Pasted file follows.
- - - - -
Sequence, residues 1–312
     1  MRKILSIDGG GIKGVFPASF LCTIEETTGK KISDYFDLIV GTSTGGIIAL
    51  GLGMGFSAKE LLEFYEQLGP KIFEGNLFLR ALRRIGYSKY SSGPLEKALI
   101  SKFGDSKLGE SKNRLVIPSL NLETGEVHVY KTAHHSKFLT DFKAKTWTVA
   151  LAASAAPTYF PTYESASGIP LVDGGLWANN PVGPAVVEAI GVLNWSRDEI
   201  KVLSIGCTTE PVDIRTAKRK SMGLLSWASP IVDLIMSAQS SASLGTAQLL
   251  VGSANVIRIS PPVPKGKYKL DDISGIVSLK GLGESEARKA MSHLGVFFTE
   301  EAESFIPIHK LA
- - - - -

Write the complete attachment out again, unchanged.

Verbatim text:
Sequence, residues 1–312
     1  MRKILSIDGG GIKGVFPASF LCTIEETTGK KISDYFDLIV GTSTGGIIAL
    51  GLGMGFSAKE LLEFYEQLGP KIFEGNLFLR ALRRIGYSKY SSGPLEKALI
   101  SKFGDSKLGE SKNRLVIPSL NLETGEVHVY KTAHHSKFLT DFKAKTWTVA
   151  LAASAAPTYF PTYESASGIP LVDGGLWANN PVGPAVVEAI GVLNWSRDEI
   201  KVLSIGCTTE PVDIRTAKRK SMGLLSWASP IVDLIMSAQS SASLGTAQLL
   251  VGSANVIRIS PPVPKGKYKL DDISGIVSLK GLGESEARKA MSHLGVFFTE
   301  EAESFIPIHK LA